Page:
Figure 2: The existing default settings turn out to be self-explanatory, but some of the advanced features might require studying the detailed documentation.

Regarding everyday operations. CopyQ sits in the system panel with an icon featuring a pair of scissors with green handles. Clicking on the icon opens CopyQ's main window, which you can alternatively access at the command line with the copyq toogle command.

Right-clicking on the icon (or using the copyq menu command) brings up a context menu, as expected; it displays the last five saved entries in the upper area by default and offers access to the settings below, among other things. Invoked in this way, there is also a search bar in focus at the top of the window that you type into directly. The copyq help command shows all commands that CopyQ supports at the command line.

Copy & Paste

By far the most common use case in everyday life is copying and pasting content. If you need recent entries, you can do this in the main window or the context menu, which, as mentioned, displays the last five entries. This number can easily be increased to 10, for example. However, it does not make sense to use more than 10 entries for sake of a better overview. The main window is the better choice if you want more.

No matter which of the two windows you are using, after selecting the desired entry, a double-click beams it to the cursor position in the respective application. To do this, you first need to enable the Paste in current window entry in the settings below Progress. You can copy selected elements back to the clipboard by pressing the Enter key or Ctrl+C.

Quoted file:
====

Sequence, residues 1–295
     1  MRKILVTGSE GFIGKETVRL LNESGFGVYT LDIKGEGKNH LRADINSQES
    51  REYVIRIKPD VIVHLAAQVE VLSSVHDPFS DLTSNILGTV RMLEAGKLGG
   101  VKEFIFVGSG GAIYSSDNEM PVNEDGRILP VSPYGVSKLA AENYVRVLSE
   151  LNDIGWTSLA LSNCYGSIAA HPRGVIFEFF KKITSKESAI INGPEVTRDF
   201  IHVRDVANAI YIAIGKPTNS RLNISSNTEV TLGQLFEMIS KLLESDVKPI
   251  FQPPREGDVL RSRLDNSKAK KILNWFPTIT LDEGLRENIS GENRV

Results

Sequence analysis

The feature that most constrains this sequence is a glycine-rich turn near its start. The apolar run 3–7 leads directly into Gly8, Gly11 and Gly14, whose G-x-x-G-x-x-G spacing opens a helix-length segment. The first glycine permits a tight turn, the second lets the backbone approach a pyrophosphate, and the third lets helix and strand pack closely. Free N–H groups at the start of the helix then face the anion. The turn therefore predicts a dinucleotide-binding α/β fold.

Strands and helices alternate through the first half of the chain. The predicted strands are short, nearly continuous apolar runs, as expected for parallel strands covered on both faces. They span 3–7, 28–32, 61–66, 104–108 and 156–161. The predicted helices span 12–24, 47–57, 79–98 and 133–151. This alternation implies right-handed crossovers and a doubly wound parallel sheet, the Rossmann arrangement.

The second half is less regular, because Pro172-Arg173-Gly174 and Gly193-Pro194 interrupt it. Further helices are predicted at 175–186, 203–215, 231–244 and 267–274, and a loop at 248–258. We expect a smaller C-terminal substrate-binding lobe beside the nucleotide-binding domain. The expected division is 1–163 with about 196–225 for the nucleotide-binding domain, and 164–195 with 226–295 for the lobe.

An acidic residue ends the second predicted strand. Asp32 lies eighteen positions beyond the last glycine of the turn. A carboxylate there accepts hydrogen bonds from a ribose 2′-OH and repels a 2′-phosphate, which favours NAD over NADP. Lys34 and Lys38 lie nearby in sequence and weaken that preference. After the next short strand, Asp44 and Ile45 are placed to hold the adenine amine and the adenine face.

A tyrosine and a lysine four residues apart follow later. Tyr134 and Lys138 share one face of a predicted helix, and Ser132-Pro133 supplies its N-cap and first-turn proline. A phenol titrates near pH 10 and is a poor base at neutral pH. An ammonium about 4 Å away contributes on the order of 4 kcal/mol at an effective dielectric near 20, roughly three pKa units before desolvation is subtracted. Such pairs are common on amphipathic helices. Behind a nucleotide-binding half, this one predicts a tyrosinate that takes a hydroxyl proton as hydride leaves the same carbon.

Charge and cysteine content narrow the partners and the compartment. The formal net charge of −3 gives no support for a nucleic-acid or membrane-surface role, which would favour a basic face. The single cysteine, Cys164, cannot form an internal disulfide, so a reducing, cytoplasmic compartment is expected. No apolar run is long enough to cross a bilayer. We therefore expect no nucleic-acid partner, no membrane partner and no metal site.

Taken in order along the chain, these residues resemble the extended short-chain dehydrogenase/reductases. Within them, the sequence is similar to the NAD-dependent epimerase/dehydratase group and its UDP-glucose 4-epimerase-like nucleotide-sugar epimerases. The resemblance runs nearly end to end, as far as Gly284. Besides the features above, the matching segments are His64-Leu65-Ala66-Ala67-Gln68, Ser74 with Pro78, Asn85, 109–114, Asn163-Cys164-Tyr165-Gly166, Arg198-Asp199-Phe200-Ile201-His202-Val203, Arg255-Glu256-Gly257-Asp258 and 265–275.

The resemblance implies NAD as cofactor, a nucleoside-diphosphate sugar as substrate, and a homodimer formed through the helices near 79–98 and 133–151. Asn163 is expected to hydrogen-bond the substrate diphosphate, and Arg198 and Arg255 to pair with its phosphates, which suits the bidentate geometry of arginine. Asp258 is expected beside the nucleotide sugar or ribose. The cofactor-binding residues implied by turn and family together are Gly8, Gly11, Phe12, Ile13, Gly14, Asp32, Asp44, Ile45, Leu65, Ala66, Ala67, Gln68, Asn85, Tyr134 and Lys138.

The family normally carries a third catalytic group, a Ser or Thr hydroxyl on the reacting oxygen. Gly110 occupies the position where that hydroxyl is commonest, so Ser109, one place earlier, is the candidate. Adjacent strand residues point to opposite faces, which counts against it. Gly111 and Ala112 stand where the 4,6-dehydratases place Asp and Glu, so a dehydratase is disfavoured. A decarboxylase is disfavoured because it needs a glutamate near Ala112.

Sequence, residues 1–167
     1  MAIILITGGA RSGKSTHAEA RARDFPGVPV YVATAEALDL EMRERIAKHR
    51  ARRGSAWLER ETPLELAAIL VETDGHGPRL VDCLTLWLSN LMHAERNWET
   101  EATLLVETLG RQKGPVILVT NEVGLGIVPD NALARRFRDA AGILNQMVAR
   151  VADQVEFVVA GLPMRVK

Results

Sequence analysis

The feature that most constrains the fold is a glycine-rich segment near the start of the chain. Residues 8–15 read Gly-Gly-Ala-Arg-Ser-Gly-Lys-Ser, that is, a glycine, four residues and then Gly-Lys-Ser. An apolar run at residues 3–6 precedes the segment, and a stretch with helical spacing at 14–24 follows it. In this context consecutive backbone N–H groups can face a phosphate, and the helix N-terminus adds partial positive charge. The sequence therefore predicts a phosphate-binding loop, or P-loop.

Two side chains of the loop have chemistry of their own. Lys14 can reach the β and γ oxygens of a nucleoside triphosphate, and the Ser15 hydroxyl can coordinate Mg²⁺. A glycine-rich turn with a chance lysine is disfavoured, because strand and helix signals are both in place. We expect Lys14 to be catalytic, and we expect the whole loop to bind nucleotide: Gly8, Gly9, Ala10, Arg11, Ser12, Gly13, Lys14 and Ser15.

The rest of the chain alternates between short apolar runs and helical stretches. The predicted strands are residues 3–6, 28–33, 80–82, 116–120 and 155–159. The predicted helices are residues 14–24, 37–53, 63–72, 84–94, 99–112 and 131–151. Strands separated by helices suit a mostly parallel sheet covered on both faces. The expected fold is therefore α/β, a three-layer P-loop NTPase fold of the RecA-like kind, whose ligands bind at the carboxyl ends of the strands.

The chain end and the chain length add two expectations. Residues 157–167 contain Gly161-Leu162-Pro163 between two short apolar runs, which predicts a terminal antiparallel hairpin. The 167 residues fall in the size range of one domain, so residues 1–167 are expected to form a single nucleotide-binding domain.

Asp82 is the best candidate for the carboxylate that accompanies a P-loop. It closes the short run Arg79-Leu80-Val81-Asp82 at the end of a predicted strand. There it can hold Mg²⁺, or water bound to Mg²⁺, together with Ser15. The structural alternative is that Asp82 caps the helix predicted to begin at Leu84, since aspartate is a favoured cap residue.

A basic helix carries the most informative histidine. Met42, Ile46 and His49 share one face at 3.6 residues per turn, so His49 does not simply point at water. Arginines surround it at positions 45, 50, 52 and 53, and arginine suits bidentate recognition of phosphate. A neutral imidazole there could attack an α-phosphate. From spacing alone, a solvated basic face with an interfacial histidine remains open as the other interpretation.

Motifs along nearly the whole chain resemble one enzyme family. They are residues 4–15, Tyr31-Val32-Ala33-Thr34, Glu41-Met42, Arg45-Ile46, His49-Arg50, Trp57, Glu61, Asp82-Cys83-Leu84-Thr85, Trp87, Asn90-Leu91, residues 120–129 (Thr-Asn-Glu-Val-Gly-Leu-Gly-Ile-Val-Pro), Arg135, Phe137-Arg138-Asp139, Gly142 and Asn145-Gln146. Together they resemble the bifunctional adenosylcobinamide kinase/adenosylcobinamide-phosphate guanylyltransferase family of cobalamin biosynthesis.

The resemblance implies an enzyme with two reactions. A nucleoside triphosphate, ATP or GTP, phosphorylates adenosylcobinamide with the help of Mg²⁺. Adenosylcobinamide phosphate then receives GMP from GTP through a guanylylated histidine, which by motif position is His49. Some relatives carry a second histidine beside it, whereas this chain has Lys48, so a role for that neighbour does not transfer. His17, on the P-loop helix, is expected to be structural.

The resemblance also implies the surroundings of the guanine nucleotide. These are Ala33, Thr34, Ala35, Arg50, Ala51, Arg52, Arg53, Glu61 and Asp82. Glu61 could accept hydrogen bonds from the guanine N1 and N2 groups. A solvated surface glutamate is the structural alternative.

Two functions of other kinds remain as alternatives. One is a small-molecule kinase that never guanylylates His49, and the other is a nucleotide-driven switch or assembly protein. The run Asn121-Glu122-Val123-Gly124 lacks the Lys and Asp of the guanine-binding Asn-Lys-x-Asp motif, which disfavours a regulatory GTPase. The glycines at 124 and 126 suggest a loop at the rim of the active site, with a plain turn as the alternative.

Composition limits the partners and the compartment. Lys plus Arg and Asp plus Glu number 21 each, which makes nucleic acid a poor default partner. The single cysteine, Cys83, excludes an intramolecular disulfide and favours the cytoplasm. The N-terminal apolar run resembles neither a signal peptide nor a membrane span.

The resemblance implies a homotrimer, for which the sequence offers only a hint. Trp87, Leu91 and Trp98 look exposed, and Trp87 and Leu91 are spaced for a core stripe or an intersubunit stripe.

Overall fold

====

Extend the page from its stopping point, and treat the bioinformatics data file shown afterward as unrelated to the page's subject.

The Look

For a better overview with many stored entries you can create topic-related tabs. Under the Tabs menu, you define new tabs, rename existing ones, and delete those that are no longer needed. With the left arrow and right arrow keys you switch between tabs. For example, I use a daily tab that holds frequently used shortcuts for quick access. Themes also allow the appearance of the main window to be largely freely determined (Figure 3).

Figure 3: CopyQ comes with eight default themes for visual customization of the software. These can also be edited later.

But back to the entries themselves, which CopyQ refers to as elements: In the main window on the right side you will see a row of small icons that are used to manipulate the elements. If you mouse over them, a short label shows what they are used for. This ranges from manually creating an element to pinning elements to various predefined or self-created tags. Thus, elements can be activated for automated execution of commands, information about the file type of an element can be obtained, or elements can be removed if they are not pinned (Figure 4).

Figure 4: In the toolbar located on the right side of the main window(sporting the forest theme here), you will find the icons for editing the saved elements.